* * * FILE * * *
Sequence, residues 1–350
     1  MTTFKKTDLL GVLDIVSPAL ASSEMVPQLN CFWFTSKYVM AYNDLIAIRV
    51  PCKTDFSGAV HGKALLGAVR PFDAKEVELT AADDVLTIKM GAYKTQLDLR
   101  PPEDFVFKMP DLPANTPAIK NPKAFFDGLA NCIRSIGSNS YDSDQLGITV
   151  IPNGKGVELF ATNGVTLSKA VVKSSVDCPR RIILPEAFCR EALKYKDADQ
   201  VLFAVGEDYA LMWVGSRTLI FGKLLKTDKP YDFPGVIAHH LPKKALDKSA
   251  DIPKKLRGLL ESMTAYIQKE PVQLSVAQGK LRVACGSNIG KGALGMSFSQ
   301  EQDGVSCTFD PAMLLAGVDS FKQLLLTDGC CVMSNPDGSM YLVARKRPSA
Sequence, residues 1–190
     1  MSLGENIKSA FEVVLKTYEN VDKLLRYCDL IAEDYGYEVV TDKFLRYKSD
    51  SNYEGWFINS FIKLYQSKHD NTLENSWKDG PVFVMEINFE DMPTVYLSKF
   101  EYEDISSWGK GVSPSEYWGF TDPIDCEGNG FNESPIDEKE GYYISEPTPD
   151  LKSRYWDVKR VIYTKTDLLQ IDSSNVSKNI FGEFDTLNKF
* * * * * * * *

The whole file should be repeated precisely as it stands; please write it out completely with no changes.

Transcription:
Sequence, residues 1–350
     1  MTTFKKTDLL GVLDIVSPAL ASSEMVPQLN CFWFTSKYVM AYNDLIAIRV
    51  PCKTDFSGAV HGKALLGAVR PFDAKEVELT AADDVLTIKM GAYKTQLDLR
   101  PPEDFVFKMP DLPANTPAIK NPKAFFDGLA NCIRSIGSNS YDSDQLGITV
   151  IPNGKGVELF ATNGVTLSKA VVKSSVDCPR RIILPEAFCR EALKYKDADQ
   201  VLFAVGEDYA LMWVGSRTLI FGKLLKTDKP YDFPGVIAHH LPKKALDKSA
   251  DIPKKLRGLL ESMTAYIQKE PVQLSVAQGK LRVACGSNIG KGALGMSFSQ
   301  EQDGVSCTFD PAMLLAGVDS FKQLLLTDGC CVMSNPDGSM YLVARKRPSA
Sequence, residues 1–190
     1  MSLGENIKSA FEVVLKTYEN VDKLLRYCDL IAEDYGYEVV TDKFLRYKSD
    51  SNYEGWFINS FIKLYQSKHD NTLENSWKDG PVFVMEINFE DMPTVYLSKF
   101  EYEDISSWGK GVSPSEYWGF TDPIDCEGNG FNESPIDEKE GYYISEPTPD
   151  LKSRYWDVKR VIYTKTDLLQ IDSSNVSKNI FGEFDTLNKF